Valid historical sources are unanimous in estimating that the five million Soviets captured, three million were starved to death. Few German soldier captured by the Soviets at the surrender of Stalingrad lasted. The fate of US and Filipino soldiers from the Bataan Death March is well-known. Less known is the German Winter Death March of allied POWS in 1945. A translation of German and policies toward their respective POWS, devoid of nuance and subtlety, comes out as payback. Those Axis combatants captured by the US or Commonwealth forces fared much better than Russians; still, there is no denying that at times Axis POWS did not fare well. The War in the Pacific was not fought in the bitter cold of a Russian winter, but nonetheless was fought as savagely. Allied airmen captured by Imperial Japan fared miserably—if they were allowed to live at all. One twenty-one year old naval aviator, who flew with Torpedo Squadron 51, USS San Jacinto, survived Japanese anti-aircraft flak which downed his Avenger, and parachuted safely into the waters of the North Pacific. Even after his craft was hit, the pilot persisted in his mission of dropping four five hundred pound bombs on a Japanese military target off Chi Chi Jima before jumping.

His two crewmen were not as fortunate. One could not exit the plane; and the second, who bailed with the pilot, fell to his death from approximately 1500 feet when his parachute failed to deploy. The pilot’s rubber life raft worked, but the Japanese sent a boat to capture him. Another Avenger came to his rescue, destroying the Japanese boat. The pilot was picked up by an American submarine, the Finback, specifically patrolling for downed naval aviators. Had he been captured by the Japanese his would have been a brutal fate. Other Allied prisoners of war experienced horrendous treatment. A photograph from the era, by now iconic, shows a Japanese officer, his troops as witnesses behind him, his code of conduct that of the Knights of Bushido, standing with his raised sword over a tied, blindfolded Allied airman. Decapitations were not uncommon. Had the Avenger pilot been captured, his life, and the lives of others—and the nation and world events—would have been altered forever. For his actions on 2 September 1944, George HW Bush was awarded the Distinguished Flying Cross.

As but one example of many, the British Fourteenth Army in Burma witnessed Japanese mass vengeance on POWS” “bodies with trauma marks, Commonwealth soldiers beaten to death, suspended by electric [wire] upside down from trees.” Those Allied soldiers, sailors, airmen and marines who escaped Japanese imprisonment gave accounts so terrifying that the British government censored them, fearing that revelations would anger Imperial Japan even more, possibly encouraging additional Japanese reprisal. Should the reader wish to enter into the image search engine you may come up with the iconic beheading photograph. Behind the two-dimensional black and white photo were—lest we forget—flesh and blood human beings, with heartbeats—at least until the sword struck. Still, sometimes history dies hard. Ask people in the Balkans, or Asia. Ask older citizens of the UK, France, Belgium, and Central Europe. It finally boils down to living history, the fragile, ineluctable thread between past and present, the witnesses ever diminishing. Equally, history for some, simply doesn’t exist. Either denial or forgetting overshadows historical memory. Bill Hagans lamented that American teen-agers have no idea that the Second World War ever took place. You maybe even know some. There are not necessarily the ones hanging out at the mall, either. But Bill knows enough not to get angry, or to lay it all on youth. The man has wisdom accrued from the fires of experience. He, among others, comprehends the deep sadness of the human condition.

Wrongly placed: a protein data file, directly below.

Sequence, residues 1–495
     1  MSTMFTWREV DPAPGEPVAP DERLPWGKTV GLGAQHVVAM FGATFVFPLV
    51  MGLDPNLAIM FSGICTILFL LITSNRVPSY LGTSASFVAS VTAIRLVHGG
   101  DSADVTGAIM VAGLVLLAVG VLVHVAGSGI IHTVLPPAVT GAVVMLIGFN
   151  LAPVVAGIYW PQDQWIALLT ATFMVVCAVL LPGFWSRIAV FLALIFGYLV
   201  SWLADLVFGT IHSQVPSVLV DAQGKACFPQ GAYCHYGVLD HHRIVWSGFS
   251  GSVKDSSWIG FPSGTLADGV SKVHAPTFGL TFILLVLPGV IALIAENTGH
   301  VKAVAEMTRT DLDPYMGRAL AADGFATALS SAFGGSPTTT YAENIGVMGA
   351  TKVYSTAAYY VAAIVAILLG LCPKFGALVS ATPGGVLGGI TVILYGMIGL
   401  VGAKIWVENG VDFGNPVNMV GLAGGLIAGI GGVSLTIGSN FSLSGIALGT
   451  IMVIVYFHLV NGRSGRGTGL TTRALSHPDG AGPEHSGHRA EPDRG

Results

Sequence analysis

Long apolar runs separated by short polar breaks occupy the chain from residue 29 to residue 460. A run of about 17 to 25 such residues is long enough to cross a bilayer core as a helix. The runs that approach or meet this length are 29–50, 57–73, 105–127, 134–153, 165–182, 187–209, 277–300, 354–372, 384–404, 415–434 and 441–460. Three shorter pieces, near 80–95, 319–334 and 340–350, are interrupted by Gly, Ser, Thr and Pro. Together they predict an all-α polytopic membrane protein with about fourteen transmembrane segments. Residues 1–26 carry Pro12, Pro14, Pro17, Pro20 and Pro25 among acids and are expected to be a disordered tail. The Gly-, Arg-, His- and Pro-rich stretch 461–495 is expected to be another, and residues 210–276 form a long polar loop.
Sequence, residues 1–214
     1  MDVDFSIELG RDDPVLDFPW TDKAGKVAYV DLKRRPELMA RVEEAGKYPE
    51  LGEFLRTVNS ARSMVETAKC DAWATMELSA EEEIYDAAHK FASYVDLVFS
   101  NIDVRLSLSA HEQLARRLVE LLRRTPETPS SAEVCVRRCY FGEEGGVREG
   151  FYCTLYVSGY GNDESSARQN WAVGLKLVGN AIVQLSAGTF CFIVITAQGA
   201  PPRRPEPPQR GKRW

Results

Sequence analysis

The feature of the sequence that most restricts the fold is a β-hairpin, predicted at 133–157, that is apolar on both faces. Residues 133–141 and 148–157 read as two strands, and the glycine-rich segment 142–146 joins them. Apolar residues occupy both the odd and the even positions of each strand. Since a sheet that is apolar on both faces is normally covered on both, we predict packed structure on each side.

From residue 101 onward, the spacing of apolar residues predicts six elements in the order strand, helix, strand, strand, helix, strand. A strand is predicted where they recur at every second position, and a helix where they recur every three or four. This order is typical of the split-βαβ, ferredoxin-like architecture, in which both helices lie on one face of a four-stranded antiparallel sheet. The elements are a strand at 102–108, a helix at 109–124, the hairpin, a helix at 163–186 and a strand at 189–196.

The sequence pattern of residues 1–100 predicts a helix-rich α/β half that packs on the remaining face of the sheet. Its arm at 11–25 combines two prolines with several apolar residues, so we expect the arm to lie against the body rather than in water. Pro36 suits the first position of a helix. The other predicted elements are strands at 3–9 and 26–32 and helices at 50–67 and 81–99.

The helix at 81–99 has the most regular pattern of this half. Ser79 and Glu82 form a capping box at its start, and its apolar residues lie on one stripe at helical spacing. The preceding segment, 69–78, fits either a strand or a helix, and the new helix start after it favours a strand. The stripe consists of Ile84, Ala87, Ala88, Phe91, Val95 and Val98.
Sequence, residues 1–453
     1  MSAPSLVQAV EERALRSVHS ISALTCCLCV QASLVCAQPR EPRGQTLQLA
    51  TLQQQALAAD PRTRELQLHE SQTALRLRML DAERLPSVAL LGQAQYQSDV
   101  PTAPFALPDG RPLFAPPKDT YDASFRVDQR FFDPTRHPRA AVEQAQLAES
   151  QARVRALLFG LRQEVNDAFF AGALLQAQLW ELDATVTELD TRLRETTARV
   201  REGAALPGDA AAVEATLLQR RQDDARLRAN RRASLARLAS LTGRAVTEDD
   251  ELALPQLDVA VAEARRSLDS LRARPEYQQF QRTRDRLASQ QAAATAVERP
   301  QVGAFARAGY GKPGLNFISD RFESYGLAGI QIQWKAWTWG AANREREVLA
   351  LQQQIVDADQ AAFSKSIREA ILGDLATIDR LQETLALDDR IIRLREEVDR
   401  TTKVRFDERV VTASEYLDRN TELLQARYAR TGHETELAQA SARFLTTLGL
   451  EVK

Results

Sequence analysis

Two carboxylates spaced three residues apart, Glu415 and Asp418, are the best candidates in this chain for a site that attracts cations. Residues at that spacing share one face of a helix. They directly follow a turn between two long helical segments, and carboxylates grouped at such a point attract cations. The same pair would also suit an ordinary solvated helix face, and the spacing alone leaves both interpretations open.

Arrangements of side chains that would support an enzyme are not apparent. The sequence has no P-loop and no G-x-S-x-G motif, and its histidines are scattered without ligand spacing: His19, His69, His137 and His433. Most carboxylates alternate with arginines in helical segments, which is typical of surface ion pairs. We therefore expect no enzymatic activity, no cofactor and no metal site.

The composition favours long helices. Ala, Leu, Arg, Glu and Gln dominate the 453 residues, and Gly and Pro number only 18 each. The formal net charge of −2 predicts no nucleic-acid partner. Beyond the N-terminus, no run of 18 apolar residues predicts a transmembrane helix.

Bill was a Prisoner of War in Stalag Luft IV, and a veteran of the Death March, 2 February to 6 May, 1945. He saw things he would rather forget, but cannot. One cannot help but notice that he is a humble, quiet man. One doesn’t imagine him sitting on a bar stool at the American Legion hall bragging about how many Messerschmitts he shot. “I thank God for every day I have on earth.” Bill knows gratitude, takes nothing for granted. We could all learn from him. In his presence I sensed a man of keen native intelligence who attained great wisdom and understanding tempered by the crucible of war. When he was born Warrren G. Harding was president, Prohibition was in full force, and a victorious US military returned from Europe “only yesterday.” But the war wasn’t really over. The worst for Europe, Asia, and the world, just started. We now more fully understand the Great War as prelude to the Second World War. And in the grand scheme of things, the Cold War began, arguably, with the confrontation between Woodrow Wilson and VI Lenin.